Nestled in between the Mississippi River and the Mark Twain National Forrest is a HS at the heart of a revolution.
Northwestern researchers study the effects of jet lag on professional baseball players to find that home teams traveling eastward suffer the most.
gameSense Chief Science Officer talks about Expertise Training on the TED stage
Hitters have a lot to think about when they’re at the plate. Game situation, pitch count, pitcher tendencies and even the last few at-bats. Picking out the fast ball versus the off-speed pitch is hard enough but what if a pitcher could vary not only his speed and location but also the ball’s backspin? The visual illusion of the rising fastball depends on backspin to counteract gravitational forces during the trajectory to the plate. So, playing with different backspins would directly affect the vertical dimension of the ball flight.
Researchers at Japan’s Waseda University designed an experiment to mess with a group of pro, semi-pro and college hitters by asking them to hit pitches with varying backspins but constant speeds. Their research appeared in the Journal of Applied Biomechanics.
gameSense Sports recently had the opportunity to work with the Cincinnati Reds during Spring Training.
If a batter is able to correctly predict the pitch type, his swing movement will be timed in unison with the pitcher’s throwing motion. Tomohisa Miyanishi and So Endo of the Graduate School of Sports Science at Japan’s Sendai University set out to actually measure the the correlation of the mirrored movements.
Do pitchers and non-pitchers all start with the same level of perceptual cognitive abilities, (i.e. the same “hardware”) and then diverge based on hours of deliberate practice (improving the “software” of the brain)? To find out, a team of researchers at Duke University dug into a treasure trove of data on over 500 baseball players who had been tested using the Nike Sensory Station (now Senaptec) between 2010 and 2014.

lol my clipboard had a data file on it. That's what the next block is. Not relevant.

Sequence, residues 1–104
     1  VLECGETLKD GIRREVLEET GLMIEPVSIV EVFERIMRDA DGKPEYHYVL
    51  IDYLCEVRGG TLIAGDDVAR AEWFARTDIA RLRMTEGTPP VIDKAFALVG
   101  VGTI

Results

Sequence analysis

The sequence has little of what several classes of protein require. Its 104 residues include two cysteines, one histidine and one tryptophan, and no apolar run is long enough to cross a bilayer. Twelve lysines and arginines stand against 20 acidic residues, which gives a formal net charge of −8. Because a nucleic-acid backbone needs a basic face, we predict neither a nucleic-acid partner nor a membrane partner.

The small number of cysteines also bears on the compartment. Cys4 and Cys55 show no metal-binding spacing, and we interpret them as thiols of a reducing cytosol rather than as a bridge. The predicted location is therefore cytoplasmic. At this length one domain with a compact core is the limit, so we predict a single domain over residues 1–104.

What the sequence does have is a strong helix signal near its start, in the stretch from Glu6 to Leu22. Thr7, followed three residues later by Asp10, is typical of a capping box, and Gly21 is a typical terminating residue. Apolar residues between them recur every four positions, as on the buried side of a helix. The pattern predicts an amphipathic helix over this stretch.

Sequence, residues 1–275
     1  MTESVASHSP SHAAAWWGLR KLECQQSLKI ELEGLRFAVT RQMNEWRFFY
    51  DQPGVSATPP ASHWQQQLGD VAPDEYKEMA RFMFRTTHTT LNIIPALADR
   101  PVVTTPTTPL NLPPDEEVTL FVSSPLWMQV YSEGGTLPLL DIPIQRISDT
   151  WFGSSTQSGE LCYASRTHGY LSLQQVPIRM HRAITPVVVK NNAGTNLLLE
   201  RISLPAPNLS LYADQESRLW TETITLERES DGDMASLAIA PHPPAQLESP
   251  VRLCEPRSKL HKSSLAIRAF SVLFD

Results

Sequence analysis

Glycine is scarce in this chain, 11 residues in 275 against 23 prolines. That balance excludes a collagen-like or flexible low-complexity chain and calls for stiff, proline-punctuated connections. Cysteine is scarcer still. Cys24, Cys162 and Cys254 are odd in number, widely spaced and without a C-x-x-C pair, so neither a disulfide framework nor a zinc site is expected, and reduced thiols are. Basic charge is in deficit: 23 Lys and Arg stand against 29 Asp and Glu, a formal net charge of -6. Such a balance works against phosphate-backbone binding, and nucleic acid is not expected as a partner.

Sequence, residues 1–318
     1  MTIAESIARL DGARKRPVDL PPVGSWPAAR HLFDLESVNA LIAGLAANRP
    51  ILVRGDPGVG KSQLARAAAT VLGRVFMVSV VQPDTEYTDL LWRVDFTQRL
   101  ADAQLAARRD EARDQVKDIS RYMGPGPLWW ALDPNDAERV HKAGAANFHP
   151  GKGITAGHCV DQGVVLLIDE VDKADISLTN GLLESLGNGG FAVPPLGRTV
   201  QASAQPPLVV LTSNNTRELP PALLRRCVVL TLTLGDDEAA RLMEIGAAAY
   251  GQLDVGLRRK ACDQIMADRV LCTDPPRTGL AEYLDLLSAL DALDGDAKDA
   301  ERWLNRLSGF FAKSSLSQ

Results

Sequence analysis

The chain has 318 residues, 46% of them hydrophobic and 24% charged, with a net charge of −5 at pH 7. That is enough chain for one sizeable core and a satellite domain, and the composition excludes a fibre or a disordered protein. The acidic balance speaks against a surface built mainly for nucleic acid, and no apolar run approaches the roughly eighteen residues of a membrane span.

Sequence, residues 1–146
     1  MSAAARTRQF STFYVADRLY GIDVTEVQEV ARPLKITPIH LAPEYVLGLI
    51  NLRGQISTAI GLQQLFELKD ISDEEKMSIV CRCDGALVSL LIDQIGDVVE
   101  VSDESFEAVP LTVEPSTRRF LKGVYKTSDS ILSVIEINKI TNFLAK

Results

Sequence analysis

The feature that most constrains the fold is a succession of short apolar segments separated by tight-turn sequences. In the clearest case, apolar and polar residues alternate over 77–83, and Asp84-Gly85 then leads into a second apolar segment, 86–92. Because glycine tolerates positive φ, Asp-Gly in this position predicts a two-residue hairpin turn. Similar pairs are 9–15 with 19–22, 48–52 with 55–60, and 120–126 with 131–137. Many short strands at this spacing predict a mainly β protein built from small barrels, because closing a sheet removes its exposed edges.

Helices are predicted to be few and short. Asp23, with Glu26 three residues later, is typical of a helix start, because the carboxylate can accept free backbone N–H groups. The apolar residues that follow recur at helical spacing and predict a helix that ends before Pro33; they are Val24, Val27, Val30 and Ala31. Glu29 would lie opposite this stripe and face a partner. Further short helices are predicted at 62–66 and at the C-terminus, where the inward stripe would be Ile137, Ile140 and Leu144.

A new study from researchers in Japan digs deeper into understanding how hitters anticipate a pitch’s location and coordinate their body movements to be sure the sweet spot of the bat arrives on target and on time to connect.
Most batters would prefer to face an opposite-hand (OH) pitcher, righty vs lefty and vice versa. With the dominance of right-handed pitchers in the game, the left-handed hitter comes to the plate with a built-in advantage. But what exactly is that advantage? What would happen if the pitcher population in the league was more balanced, righties to lefties? Two sets of researchers set out to dig a little deeper into this phenomenon of visual perception.
There’s no argument that a baseball batter’s ability to track an incoming pitch is critical to hitting performance but it’s the details of how his eyes perform that task that researchers are still figuring out. While previous studies have confirmed that expert hitters are better than novices at tracking a moving object, we still need to breakdown the process if we want to build better training tools for athletes.
A study released this month in PLOS ONE took a big step to understanding this visual perception of athletes.
“Yeah, but will it transfer out to the field?” It is the most asked question about any type of sports training. Tools, techniques and technologies all seem logical in their theory and approach but the bottom line is, well, the bottom line. It’s no different in baseball. Coaches, parents and most of all players would like some empirical evidence that there is a transfer of learning from drills to statistical performance at the plate.